On a warm summer afternoon, we met with Australian jeweler Scosha Woolridge at her Williamsburg storefront and studio on Grand Street in Williamsburg. Since 2013, she has been meticulously handcrafting her eponymous Brooklyn-based jewelry collection with the help from her husband, Joe, and team of classically trained artisans. In recent years, she has collaborated on projects with Club Monaco and Ralph Lauren, designed a fine jewelry collection modeled by Jemima Kirke and launched a children’s collection.
Intrigued, we asked Scosha to tell us more:
Jewelry designer Scosha Woolridge in her Williamsburg based studio.
MAN of the WORLD: Tell me about a recent project.
Scosha Woolridge: We just did the bracelet for the official Team USA uniform Ralph Lauren designed for this year's Olympic Games in Rio.
MotW: Name a favorite moment when a man wore Scosha.
SW: Doug Bihlmaier, the longstanding vintage buyer for RRL. He wears bracelets that he ties in with his native american embellishments – and denim.
MotW: Handmade vs machine made?
SW: For me, handmade is always preferred. There is an inner life force that is attached to anything made by hand. Even things that are machine made, there is still a person behind the machine. So really, what is considered handmade?
Behind the retail store, the studio behind houses artisan tools that Scosha uses to make precious ornaments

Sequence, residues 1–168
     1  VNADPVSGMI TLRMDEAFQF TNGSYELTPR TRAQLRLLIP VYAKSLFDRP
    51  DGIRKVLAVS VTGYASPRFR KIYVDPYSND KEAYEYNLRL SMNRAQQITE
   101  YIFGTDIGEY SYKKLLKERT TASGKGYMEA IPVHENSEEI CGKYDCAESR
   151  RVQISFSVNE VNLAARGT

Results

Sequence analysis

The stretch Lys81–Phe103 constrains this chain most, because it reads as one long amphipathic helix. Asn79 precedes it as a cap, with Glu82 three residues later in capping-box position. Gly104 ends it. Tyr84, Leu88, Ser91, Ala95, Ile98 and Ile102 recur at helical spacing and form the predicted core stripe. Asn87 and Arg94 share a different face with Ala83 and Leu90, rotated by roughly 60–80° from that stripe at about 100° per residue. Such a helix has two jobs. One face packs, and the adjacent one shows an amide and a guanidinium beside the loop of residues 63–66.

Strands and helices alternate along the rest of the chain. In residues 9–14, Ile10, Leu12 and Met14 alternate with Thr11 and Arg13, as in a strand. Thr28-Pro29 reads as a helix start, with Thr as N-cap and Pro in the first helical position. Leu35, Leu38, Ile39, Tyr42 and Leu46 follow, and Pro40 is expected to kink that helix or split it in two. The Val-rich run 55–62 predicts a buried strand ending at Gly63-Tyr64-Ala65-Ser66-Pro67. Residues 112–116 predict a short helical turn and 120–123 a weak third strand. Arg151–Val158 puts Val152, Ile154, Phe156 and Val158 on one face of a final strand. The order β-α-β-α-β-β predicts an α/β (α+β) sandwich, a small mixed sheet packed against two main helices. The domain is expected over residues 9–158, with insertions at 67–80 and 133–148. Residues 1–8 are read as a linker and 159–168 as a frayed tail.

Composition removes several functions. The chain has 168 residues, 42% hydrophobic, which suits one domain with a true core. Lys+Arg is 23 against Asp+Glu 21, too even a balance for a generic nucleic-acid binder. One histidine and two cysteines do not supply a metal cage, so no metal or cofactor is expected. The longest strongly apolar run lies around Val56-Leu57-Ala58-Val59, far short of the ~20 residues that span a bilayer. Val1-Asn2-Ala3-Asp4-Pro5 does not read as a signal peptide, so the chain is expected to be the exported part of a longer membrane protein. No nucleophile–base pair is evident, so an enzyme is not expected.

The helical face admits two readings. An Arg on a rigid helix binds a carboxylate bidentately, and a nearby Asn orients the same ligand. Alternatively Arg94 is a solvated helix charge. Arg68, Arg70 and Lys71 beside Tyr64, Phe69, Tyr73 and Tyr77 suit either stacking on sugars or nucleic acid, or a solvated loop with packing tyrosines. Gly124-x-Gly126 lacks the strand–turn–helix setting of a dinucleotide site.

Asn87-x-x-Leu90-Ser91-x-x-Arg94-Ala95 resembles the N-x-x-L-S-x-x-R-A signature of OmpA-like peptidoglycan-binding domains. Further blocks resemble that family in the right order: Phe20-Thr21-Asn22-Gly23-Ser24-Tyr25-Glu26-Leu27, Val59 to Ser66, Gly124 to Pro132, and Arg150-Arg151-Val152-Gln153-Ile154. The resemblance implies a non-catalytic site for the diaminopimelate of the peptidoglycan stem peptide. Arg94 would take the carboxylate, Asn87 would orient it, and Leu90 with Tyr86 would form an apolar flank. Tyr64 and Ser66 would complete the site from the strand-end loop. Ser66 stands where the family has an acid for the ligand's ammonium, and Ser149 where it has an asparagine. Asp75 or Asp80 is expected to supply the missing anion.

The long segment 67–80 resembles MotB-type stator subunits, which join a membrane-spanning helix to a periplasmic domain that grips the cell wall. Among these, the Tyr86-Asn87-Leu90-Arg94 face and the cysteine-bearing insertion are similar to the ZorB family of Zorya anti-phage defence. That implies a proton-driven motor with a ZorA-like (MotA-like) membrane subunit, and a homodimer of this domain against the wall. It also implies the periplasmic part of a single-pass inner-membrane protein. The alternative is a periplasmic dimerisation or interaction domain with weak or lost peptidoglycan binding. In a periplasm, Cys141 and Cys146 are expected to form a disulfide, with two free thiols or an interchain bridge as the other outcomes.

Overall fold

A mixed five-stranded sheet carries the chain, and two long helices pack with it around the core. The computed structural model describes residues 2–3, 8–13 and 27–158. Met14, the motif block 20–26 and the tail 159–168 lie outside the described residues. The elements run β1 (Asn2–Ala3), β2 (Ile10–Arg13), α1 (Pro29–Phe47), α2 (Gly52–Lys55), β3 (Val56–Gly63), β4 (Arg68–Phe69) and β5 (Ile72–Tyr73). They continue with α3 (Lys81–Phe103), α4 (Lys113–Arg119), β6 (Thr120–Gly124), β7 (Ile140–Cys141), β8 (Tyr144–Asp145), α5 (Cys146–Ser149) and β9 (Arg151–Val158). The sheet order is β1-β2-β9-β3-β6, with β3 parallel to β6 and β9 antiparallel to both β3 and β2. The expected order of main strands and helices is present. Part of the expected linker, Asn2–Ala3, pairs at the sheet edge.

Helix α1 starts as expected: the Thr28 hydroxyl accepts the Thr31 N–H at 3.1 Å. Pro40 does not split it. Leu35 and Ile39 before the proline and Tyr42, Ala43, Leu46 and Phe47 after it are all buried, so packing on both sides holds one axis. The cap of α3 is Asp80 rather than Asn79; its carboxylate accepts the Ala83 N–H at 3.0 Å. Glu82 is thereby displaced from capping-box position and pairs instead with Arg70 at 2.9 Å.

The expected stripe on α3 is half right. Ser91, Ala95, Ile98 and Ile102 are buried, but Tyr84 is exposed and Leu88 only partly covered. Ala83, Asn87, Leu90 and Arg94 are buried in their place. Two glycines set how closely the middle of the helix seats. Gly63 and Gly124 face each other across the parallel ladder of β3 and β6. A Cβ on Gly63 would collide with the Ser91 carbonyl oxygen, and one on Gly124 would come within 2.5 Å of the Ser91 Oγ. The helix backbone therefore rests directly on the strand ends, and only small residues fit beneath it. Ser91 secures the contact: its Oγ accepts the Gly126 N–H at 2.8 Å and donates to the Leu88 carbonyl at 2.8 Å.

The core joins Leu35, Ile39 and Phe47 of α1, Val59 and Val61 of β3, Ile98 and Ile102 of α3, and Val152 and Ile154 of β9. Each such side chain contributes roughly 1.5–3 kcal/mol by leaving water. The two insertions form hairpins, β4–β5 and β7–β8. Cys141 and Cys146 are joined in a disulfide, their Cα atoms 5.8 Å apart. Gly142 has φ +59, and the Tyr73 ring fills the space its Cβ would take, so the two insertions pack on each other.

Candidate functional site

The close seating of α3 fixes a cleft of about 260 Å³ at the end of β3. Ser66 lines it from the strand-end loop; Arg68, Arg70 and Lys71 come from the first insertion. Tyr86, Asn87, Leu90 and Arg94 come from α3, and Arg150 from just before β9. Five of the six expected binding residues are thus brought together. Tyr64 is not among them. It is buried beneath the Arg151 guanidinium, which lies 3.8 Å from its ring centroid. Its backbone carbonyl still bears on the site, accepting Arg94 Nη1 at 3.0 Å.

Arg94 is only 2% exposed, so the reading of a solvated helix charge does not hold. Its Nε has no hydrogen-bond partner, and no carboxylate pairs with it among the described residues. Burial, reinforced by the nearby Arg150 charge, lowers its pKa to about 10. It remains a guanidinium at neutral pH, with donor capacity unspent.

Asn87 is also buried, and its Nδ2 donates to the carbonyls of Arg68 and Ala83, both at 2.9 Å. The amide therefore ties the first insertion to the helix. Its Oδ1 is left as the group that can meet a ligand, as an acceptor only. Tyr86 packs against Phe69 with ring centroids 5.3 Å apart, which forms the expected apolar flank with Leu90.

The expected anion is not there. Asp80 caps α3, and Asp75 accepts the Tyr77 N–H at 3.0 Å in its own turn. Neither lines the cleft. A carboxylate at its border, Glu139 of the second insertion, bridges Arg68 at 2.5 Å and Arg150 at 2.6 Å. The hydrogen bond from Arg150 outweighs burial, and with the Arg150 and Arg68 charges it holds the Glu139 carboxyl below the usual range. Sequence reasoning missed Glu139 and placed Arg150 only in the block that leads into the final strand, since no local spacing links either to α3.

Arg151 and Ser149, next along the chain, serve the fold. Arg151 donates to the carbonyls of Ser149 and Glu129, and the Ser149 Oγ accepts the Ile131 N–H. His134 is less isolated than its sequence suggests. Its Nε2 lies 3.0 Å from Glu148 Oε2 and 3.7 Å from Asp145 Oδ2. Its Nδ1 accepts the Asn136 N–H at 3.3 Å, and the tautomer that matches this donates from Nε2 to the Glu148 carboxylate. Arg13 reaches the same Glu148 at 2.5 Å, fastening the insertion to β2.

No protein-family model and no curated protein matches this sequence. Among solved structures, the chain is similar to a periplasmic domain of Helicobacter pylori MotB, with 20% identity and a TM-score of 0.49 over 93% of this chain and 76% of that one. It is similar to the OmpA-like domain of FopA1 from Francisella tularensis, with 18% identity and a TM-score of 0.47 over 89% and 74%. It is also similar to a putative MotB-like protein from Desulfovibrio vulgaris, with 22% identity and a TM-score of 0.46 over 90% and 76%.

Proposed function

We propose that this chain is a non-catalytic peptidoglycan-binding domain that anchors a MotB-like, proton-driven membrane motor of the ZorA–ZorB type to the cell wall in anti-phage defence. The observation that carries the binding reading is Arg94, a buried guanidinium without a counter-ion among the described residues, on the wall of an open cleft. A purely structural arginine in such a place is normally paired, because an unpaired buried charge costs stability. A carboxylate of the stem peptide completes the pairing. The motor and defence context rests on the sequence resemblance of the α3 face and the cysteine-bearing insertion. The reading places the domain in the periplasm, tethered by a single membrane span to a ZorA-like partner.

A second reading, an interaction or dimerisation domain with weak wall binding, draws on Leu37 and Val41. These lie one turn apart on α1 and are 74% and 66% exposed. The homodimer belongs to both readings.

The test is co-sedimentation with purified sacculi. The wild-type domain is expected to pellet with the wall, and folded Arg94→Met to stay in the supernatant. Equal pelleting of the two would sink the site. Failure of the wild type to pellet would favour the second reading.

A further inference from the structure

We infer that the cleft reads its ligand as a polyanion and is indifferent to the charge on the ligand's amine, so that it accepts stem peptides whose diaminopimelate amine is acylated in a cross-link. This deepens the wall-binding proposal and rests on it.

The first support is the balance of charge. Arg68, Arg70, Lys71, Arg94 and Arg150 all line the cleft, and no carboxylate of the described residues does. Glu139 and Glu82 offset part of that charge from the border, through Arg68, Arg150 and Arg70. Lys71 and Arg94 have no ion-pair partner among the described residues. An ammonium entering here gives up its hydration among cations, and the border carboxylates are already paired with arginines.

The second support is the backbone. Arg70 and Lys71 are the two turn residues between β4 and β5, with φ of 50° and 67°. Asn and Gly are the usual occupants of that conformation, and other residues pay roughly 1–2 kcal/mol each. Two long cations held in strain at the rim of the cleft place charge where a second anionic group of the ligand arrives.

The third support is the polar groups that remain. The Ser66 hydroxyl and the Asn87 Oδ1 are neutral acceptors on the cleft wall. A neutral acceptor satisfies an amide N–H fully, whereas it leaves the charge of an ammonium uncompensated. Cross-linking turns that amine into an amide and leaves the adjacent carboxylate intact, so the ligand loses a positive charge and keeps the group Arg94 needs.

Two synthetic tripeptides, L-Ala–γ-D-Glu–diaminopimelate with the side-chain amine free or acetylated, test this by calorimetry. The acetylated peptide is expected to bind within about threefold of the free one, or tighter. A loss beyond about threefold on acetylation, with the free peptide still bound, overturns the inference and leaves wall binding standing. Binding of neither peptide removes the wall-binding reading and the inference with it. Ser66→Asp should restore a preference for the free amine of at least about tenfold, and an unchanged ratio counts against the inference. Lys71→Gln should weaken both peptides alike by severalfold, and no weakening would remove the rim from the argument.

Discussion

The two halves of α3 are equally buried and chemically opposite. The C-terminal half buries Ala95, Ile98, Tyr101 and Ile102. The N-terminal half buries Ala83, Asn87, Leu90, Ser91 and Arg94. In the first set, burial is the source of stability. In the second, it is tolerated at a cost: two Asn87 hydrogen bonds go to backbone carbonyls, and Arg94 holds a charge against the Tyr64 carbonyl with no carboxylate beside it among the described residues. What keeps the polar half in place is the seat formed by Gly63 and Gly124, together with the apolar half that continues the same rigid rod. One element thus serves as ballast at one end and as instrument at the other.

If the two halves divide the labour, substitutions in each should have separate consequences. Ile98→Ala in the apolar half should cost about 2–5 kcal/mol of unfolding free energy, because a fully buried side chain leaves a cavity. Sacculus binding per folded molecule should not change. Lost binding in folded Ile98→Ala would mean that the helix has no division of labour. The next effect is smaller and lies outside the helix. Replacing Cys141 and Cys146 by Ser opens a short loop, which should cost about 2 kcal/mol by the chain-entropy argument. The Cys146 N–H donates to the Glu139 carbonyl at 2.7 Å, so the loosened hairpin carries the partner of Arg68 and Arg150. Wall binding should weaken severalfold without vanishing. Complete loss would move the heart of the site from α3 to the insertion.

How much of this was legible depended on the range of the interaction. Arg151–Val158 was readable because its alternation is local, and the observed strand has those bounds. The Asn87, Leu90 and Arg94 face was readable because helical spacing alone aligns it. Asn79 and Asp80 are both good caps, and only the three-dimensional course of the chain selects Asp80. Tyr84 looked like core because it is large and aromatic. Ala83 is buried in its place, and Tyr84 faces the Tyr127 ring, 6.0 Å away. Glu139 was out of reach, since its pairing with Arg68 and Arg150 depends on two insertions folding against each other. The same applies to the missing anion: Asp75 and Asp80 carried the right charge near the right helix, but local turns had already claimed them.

MotW: What materials do you work with and how to they inspire you?
SW: I with work with 70% gold or brass. Yellow is such a warm color and it looks great on people’s skin. My two biggest inspirations in terms of jewelry and textiles are Indian jewelry, which is a lot of gold – and silver Turkish and Afghani jewelry.
MotW: If you weren’t making jewelry, what would you be doing?
SW: I’ve written a couple of kids' books. So I would probably being doing that.
MotW: Can you tell me about one?
SW: One is about this guy called the crown head. He was a caravan that runs on a color wheel. When you spin the color wheel it creates white light, so that creates energy to time travel.
Weaving a signature Scosha bracelet, a closeup revealing a process that takes artisans nearly 30 minutes to complete
MotW: Speaking of the future, what’s the next project you’re working on?
SW: We’ve created this totem bracelet. It is small and personal -- the kind of thing you can collect. I don’t think of it as jewelry, but more like textiles on the body ... like something that becomes a part of you.